IBM Watson Hauls In 40,000 Developers With AlchemyAPI Acquisition

IBM has acquired a cognitive computing company that will bolster the development of IBM Watson, the firm’s deep learning artificial intelligence supercomputer.

The buy up of Denver-based AlchemyAPI, which delivers scalable cognitive computing APIs, sees IBM take on board a pool of more than 40,000 developers across the globe that have worked on the AlchemyAPI platform to build cognitive-infused applications.

Financial terms of the deal were not disclosed.

Long-tail

IBM said that the technology is expected to enhance Watson’s ability to “ingest, train and learn the ‘long-tail’ of various data domains”, as well as help the platform target specific industries.

Watson gained prominence in 2011 when it won the US quiz show Jeopardy against two human competitors. During the game, Watson had access to 200 million pages of content, as well as the full contents of Wikipedia, all without being connected to the Internet. Watson won $1 million, and development of the computer has continued since then.

Currently, Watson is being focused on the health industry, with cognitive learning features being researched which could eventually help doctors across the world diagnose patients and find the correct clinical trials for individual subjects.

Most recently, IBM Watson teamed up with Japanese telco SoftBank to train the supercomputer  to speak Japanese.

SoftBank, which also owns Yahoo! Japan, will be able to market the offering in the education, banking, healthcare, and retail industries in Japan.

“We believe people who speak many different languages want to use Watson—and most people on the planet do not have English as their native language,” said Michael Karasick, head of innovations for IBM’s Watson team.

Founded in 2005 and headquartered in Denver, AlchemyAPI’s deep learning platform enables clients, partners, developers and other third-parties to build cognitive-infused applications with data analysis capabilities such as taxonomy categorisation, entity and keyword extraction, sentiment analysis and web page cleaning.

AlchemyAPI said its software platform processes billions of API calls per month across 36 countries and in eight different languages: English, French, German, Italian, Portuguese, Russian, Spanish, and Swedish.

“Today is the start of a new journey for AlchemyAPI, our customers and our user community, as we join IBM, the leader in cognitive computing,” said Elliot Turner, CEO AlchemyAPI. “We founded AlchemyAPI with the mission of democratising deep learning artificial intelligence for real-time analysis of unstructured data and giving the world’s developers access to these capabilities to innovate. As part of IBM’s Watson unit, we have an infinite opportunity to further that goal.”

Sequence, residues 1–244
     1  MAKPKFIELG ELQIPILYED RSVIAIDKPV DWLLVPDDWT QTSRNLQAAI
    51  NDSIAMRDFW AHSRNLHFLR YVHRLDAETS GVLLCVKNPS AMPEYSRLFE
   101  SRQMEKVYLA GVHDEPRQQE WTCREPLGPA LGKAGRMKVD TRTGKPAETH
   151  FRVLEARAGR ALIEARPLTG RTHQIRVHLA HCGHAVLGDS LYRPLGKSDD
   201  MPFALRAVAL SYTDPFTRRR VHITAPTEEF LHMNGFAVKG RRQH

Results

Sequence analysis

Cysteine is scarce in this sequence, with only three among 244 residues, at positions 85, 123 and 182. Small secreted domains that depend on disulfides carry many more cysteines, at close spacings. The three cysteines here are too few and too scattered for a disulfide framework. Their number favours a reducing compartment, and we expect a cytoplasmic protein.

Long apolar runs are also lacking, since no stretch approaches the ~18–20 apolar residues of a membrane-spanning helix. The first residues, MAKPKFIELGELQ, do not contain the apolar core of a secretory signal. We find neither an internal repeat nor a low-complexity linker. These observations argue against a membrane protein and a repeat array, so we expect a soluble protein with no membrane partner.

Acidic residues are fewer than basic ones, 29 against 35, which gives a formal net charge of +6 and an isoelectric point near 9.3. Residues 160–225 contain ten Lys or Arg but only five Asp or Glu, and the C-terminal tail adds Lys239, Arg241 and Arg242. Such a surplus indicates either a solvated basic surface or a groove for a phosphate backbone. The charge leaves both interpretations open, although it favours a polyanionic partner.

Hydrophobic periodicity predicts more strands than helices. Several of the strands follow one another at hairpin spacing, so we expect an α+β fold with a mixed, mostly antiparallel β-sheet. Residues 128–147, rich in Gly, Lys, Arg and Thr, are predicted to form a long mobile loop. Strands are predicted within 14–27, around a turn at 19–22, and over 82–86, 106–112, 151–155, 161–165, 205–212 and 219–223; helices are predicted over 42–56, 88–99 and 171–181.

Turnaround

In January 2014, IBM launched the dedicated IBM Watson unit, a business dedicated to developing and commercialising the cloud-delivered cognitive computing technology. The move signified a strategic shift by IBM to turnaround its falling revenues and deliver a new class of software, services and apps that think, improve by learning, and discover insights from massive amounts of Big Data. IBM invested $1 billion into the Watson unit, focusing on development and research, and bringing cloud-delivered cognitive applications and services to market. This included $100 million available for venture investments that support IBM’s ecosystem of start-ups and businesses building cognitive apps powered by Watson.

IBM CEO Gina Rometty said that Watson will make $10 billion in annual revenue within 10 years, however, it seems IBM is far behind this projection. In 2013, Watson only managed to bring in $100 million.

IBM has so far struggled to monetise Watson, but it hoping that by tapping in to a large developer base as well as continuing research into the health industry, as well as others, revenue should start to increase. IBM said that before AlchemyAPI’s acquisition, it had made more than 7,000 apps for Watson. The official purchase will see IBM able to broaden its development community and entice customers with apps made by third-party companies.

“IBM continues to invest in Watson’s core technology and cloud development platform, amplifying a robust Watson ecosystem where third party organisations are creating new businesses and solutions powered by Watson,” said Mike Rhodin, SVP, IBM Watson.

“Our ability to draw upon both internal and external sources of innovation, from IBM Research to acquisitions like AlchemyAPI, remain central to our strategy of bringing Watson to new markets, industries and regions.”

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Ben Sullivan

Ben covers web and technology giants such as Google, Amazon, and Microsoft and their impact on the cloud computing industry, whilst also writing about data centre players and their increasing importance in Europe. He also covers future technologies such as drones, aerospace, science, and the effect of technology on the environment.

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